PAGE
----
According to Bloomberg,
Consumer companies and commodity stocks led the retreat. Microsoft Corp. (MSFT) slid 1.7 percent after Bank of America Corp. cut its rating to underperform from neutral. Tyson Foods Inc., the largest U.S. meat processor, advanced 2.3 percent after reporting revenue above analysts’ estimates on a gain in prices and sales volumes for beef and chicken.
The Standard & Poor’s 500 Index (SPX) slipped 0.4 percent to 1,791.53 at 4 p.m. in New York. Earlier, it topped 1,800. About three stocks fell for each that rose in the gauge. The Dow average gained 14.32 points, or 0.1 percent, to 15,976.02. About 6 billion shares changed hands on U.S. exchanges, in line with the three-month average.
“We’ve moved pretty far pretty fast,” Kevin Caron, a Florham Park, New Jersey-based market strategist at Stifel Nicolaus & Co., which oversees about $150 billion. “Obviously there’s a potential for a little bit of a pullback.”
While four years of earnings growth and the Federal Reserve’s near-zero interest rate have led the S&P 500 on a 165 percent rally since March 2009, they have also driven valuations to a three-year high. Billionaire investor Carl Icahn, speaking at the Reuters Global Investment Outlook Summit, said he is “very cautious” on equities.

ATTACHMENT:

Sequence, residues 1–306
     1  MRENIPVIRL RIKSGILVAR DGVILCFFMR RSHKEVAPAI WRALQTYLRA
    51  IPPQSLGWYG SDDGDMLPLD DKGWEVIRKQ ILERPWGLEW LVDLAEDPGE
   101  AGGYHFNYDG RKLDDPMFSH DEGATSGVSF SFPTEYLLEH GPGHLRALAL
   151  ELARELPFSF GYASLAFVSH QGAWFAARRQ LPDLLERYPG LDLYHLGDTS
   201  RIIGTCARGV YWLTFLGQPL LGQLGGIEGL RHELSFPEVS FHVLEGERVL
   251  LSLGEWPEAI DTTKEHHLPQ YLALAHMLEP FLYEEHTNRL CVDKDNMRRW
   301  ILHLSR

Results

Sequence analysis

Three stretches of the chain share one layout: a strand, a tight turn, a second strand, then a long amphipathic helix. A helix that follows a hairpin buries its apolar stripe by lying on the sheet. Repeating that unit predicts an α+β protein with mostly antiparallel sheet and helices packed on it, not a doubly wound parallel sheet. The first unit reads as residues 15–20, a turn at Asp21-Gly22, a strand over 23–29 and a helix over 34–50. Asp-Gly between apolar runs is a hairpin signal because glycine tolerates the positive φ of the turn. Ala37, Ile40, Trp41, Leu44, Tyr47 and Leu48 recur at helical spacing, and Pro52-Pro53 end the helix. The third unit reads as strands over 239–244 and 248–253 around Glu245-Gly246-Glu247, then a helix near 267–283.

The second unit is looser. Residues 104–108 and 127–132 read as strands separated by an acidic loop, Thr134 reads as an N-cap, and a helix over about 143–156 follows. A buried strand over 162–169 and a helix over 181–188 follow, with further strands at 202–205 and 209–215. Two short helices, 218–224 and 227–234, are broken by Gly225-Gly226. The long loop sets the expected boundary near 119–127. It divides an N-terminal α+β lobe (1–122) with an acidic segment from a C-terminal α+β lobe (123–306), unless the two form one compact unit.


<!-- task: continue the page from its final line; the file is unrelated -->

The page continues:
The S&P 500 trades at 17 times reported operating profit, a 20 percent increase from the beginning of 2013, according to data compiled by Bloomberg. Last week, the benchmark’s valuation reached the highest level since May 2010.
“As we keep going and making new highs, we get into new territory and the air keeps getting thinner and thinner up here,” Tim Hartzell, who helps manage about $425 million as chief investment officer at Sequent Asset Management, said via phone from Houston. “Everybody is watching Yellen and feel comfortable that she’ll continue QE, maybe even put more into the system.”